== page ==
Tag Archives: Mystery

An air of the unknown, a puzzle to solve…

Ergo Proxy – Anime Review

Japanese Title: Ergo Proxy


Similar: Psycho-Pass

Serial Experiments Lain


Ghost in the Shell


Watched in: Japanese & English

Genre: Psychological Mystery Science Fiction

Length: 23 episodes



  • Delightfully grim art.
  • The side story episodes.
  • Moments of brilliance.


  • Muddle storytelling obfuscates greatness.
  • Several useless episodes.

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One of humanity’s last civilisations resides within the domed city of Romdo, where robots called AutoReivs supplement the low population on the path to humanity’s recovery. When a virus begins to infect these robots, Re-l Mayer gets on the case with her AutoReiv Iggy, but the case grows beyond her imagination and out of her control when a sentient and independent robot confronts her at home.

Despite what the setup may tell you, Ergo Proxy isn’t a crime series along the lines of Psycho-Pass and Ghost in the Shell. This focuses on the psychological, taking Re-l, Iggy, and AutoReiv engineer Vincent on a mind-altering adventure into the heart of Romdo and beyond its walls.

A favourite old movie of mine is Logan’s Run, which also uses the premise of escaping humanity’s last bastion, a domed city where the rulers justify the control they exert over the people. Such a similarity had me excited for Ergo Proxy, as did the dark style. I love the AutoReiv designs – they recall Jhin from League of Legends. Their masks give the feeling that they’re hiding something, made even more suspicious by their “natural” personalities. Iggy follows the rules to the letter, though will bend if you present a loophole.

The story starts strong with plenty of intrigue. No one believes Re-l’s story of the demonic ‘Proxy’ AutoReiv and someone has modified Iggy’s memory. The journey beyond the dome continues the intrigue. However, it isn’t long before the story takes a backseat to psychology. Rather than weave it into story, Ergo Proxy pauses to dump psychology through a jumble of mind-numbing scenes.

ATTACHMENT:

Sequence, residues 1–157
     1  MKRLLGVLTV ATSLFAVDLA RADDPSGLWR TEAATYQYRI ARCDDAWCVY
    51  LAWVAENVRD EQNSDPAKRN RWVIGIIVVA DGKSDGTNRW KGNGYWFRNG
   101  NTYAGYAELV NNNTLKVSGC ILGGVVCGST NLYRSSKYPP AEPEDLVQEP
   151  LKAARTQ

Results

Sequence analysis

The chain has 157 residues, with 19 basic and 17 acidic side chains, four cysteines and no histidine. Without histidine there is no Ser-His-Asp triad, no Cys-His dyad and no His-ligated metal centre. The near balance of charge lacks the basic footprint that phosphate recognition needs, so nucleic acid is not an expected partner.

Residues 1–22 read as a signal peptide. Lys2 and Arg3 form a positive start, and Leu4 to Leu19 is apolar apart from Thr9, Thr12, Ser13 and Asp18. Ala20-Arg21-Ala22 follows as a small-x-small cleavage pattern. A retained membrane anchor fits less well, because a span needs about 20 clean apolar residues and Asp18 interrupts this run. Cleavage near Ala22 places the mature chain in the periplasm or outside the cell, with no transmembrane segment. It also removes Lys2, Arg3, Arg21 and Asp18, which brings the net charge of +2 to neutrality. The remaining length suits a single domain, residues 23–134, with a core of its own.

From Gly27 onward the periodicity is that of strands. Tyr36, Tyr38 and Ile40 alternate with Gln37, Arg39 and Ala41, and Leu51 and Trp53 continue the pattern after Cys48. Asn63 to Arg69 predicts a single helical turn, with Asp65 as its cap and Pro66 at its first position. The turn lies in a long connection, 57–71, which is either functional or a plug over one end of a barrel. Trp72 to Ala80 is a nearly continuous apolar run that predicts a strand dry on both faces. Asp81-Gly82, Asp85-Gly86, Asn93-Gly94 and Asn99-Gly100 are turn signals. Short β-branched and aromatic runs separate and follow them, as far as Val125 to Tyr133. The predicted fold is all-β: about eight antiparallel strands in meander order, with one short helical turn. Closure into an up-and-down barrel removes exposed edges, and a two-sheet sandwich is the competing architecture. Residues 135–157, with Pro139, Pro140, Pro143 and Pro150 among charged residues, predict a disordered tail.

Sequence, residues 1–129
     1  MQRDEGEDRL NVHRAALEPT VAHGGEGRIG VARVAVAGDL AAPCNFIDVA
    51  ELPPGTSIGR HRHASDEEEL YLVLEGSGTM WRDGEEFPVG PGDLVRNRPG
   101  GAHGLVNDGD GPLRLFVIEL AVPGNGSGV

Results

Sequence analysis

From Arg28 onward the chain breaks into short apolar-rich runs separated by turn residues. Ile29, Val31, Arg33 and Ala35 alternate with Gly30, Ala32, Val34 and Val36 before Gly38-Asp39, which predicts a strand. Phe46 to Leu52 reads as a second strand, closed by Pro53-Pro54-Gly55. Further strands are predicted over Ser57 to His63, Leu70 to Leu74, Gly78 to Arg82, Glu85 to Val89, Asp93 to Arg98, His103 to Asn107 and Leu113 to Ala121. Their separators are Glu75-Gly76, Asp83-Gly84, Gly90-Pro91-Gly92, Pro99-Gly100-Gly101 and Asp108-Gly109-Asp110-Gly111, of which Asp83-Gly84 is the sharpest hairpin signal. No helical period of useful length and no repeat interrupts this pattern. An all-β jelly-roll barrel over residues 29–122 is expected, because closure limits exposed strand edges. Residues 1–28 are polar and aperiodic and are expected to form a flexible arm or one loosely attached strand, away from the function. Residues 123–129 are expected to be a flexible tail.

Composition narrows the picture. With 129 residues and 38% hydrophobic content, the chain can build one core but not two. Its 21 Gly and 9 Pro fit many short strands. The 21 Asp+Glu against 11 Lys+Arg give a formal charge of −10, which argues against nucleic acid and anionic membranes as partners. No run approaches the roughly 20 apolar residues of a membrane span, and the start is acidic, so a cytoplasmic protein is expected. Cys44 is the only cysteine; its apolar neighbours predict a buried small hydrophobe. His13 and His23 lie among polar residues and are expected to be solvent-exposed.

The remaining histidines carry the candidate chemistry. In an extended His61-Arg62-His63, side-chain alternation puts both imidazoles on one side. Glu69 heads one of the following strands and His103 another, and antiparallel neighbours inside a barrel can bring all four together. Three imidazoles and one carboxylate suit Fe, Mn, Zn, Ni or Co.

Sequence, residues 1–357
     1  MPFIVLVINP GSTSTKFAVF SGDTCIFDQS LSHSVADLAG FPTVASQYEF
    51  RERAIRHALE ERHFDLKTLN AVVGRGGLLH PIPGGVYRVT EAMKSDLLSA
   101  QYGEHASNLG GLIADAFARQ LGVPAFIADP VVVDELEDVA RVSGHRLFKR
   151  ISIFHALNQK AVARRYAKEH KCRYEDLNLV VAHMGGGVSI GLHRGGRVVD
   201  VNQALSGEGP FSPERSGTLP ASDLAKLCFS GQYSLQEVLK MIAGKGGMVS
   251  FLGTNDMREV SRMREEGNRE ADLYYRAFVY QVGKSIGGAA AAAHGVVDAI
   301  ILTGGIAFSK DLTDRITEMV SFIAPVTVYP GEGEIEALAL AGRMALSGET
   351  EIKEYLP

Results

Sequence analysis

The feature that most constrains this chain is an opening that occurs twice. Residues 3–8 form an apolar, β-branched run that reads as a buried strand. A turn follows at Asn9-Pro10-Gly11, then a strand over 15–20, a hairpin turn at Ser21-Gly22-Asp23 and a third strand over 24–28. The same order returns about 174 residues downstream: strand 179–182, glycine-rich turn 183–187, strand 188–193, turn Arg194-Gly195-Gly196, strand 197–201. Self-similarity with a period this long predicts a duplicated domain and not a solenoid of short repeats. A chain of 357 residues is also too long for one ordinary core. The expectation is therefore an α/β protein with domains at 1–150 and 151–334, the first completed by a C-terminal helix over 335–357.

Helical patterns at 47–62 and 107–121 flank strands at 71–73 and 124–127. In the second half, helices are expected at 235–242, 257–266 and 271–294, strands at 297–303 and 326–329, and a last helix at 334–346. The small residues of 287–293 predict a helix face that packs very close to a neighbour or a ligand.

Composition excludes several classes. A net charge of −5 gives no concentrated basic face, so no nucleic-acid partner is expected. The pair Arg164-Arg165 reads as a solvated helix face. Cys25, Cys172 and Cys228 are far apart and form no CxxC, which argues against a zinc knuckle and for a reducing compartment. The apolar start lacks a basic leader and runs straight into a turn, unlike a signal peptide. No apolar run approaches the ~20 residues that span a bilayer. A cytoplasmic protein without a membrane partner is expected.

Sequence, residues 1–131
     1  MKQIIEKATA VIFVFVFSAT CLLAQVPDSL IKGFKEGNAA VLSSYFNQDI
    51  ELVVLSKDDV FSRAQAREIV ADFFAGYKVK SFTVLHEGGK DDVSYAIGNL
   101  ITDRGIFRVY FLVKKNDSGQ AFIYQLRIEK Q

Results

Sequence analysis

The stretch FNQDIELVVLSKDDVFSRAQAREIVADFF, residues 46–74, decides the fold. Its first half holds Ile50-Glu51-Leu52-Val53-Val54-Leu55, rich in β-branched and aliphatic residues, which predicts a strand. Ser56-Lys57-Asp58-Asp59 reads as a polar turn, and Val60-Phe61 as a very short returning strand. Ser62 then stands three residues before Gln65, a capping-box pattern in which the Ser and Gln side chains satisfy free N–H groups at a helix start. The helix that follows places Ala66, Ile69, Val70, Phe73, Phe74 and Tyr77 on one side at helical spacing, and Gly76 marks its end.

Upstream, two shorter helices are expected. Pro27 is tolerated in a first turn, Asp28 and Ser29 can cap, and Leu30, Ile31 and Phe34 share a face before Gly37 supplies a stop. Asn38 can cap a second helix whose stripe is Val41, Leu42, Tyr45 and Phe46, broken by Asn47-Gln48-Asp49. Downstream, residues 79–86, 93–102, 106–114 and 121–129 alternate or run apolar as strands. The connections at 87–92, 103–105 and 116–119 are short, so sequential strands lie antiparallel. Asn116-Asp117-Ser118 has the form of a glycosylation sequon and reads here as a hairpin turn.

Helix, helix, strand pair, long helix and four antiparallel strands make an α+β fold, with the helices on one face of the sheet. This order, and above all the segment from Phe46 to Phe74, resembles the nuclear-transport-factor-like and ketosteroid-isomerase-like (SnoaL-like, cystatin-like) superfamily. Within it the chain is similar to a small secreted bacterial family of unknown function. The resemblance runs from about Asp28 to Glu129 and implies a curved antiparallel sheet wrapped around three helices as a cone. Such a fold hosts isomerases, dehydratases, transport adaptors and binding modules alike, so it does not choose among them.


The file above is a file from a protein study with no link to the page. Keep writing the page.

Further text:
Have you ever watched two similar stories, found one engaging and the other boring or difficult to finish, and couldn’t put your finger on what made the difference? They were both well made and had good actors, so why weren’t they of equal quality? It’s in the storytelling techniques. You often see this distinction between great crime serials and the mediocre. The better series will show you the criminal mind and the detective’s process, whereas the other will sit you down and tell you what you should take away from the drama. Ergo Proxy has this problem with its psychology.

It’s hard to convey without showing the series, so I will use an example. One character suffers from an identity crisis with possible split-personality disorder. Instead of showing us this condition, this character has another character over the shoulder saying, “This is not your true self. The other you is your reality. Search your feelings; you know it be true,” (or something similar). For two episodes! It is nonsensical babbling, unneeded because later episodes gives us the relevant information again. This isn’t the only instance.

Ergo Proxy strikes at mind-bending scenarios about mistaken identities, existential crises, and philosophy, but it often gets lost in itself at the expense of cohesion. This results from being ‘too close’ to the art as the creator. When you write a story, you become the worst person to check if it makes sense, for the complete, sensible story in your mind automatically fixes any problems on the page before you have a chance to notice them.

Oddly enough, side episodes with no direct story relevance are my favourite. One episode has Vincent participate in a quiz show with the questions revealing lore and history about the world. A later episode is set in a bizzaro Disneyland, where the animal mascots are real, as made by a tyrannical Walt Disney. These episodes are refreshing in their clarity and fast pace. Yes, they are allegories about the society in which they live and they still have undercurrents of psychology, just without the drudgery.